How Summer Festivals Persevered in the Pandemic

How Summer Festivals Persevered in the Pandemic


When the coronavirus pandemic first exploded earlier this year, some hoped that it would end within weeks or months, with enough hand washing and other measures, perhaps with the sunlight of spring and summer.

That didn’t happen. Just as doctors and other experts had warned, rising temperatures and longer days failed to stop the spread. After a spring of despair, a lost summer took shape. The outbreak moved across the United States, reaching toward 6 million cases and 180,000 confirmed deaths as August sputters to a close, according to a New York Times database. In the rest of the world, it wasn’t much better, with outbreaks returning in some places.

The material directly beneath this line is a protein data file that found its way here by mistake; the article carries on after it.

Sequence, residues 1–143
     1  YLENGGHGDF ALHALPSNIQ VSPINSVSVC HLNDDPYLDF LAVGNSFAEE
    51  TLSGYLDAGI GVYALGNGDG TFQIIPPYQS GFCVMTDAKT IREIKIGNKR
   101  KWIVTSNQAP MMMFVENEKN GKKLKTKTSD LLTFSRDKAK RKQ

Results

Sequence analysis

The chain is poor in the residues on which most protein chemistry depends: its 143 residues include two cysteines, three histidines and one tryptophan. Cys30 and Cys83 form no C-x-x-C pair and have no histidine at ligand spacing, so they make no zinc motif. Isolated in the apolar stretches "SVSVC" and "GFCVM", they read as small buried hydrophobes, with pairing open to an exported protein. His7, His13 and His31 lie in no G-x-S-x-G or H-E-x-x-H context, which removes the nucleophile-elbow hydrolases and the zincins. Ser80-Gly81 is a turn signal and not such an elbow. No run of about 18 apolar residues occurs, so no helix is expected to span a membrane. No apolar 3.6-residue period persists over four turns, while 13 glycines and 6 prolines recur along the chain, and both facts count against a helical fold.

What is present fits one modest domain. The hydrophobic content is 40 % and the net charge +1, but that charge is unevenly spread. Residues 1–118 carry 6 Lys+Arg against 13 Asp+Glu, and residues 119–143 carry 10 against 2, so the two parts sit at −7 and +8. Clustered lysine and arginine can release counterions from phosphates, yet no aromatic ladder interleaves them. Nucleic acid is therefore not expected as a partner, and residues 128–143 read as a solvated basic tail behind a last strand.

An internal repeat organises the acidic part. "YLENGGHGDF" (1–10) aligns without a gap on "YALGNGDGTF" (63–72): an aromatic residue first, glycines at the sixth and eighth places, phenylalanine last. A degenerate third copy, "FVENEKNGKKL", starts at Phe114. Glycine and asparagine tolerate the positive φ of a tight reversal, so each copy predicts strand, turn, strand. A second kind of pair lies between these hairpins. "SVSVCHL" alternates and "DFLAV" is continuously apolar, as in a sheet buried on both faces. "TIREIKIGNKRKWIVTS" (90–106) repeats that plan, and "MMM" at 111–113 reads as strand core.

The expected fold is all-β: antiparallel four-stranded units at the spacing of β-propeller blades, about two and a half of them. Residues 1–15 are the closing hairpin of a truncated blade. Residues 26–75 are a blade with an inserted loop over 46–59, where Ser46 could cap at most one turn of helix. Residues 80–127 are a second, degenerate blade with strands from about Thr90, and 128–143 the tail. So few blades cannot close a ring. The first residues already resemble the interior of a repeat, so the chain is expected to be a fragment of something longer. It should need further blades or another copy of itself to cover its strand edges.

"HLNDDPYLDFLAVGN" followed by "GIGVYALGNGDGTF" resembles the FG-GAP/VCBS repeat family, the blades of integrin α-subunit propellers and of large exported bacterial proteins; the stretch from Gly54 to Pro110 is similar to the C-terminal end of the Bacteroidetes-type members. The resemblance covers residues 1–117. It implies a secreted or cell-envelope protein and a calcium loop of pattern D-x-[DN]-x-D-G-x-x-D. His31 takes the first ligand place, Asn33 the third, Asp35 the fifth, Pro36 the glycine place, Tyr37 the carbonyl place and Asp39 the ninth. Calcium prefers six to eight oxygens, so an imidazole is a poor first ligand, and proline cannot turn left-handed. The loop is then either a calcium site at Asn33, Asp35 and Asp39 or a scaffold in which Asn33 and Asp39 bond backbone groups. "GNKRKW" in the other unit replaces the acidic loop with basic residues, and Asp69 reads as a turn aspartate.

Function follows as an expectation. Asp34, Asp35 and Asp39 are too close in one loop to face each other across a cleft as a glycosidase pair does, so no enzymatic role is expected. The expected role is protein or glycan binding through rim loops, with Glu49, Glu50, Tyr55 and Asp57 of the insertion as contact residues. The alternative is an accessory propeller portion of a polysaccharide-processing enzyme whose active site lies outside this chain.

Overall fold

Still, it is summer, in the Northern Hemisphere at least, and that means a season of fairs and festivals, and other traditional celebrations. Organizers around the world found sometimes ingenious ways to make sure the celebrations could go on, safely.

Sometimes the answer was to shift to livestreaming an event, as people worked to recreate the magic in their living rooms. That was the solution for the annual carving of the dairy princess in butter at the Minnesota State Fair. An eight-week festival in England featured purpose-built pods with table service so that families could attend performances with their pod. There were drive-throughs selling American fair staples like corndogs and funnel cakes, and pop-up events to keep crowds small, like the surprise fireworks displays staged by Macy’s in New York neighborhoods.

Here’s a visual tour of celebrations around the world, with stops in Germany, Britain, Wisconsin, California, Brazil, Sri Lanka, South Korea, Japan and Mongolia.



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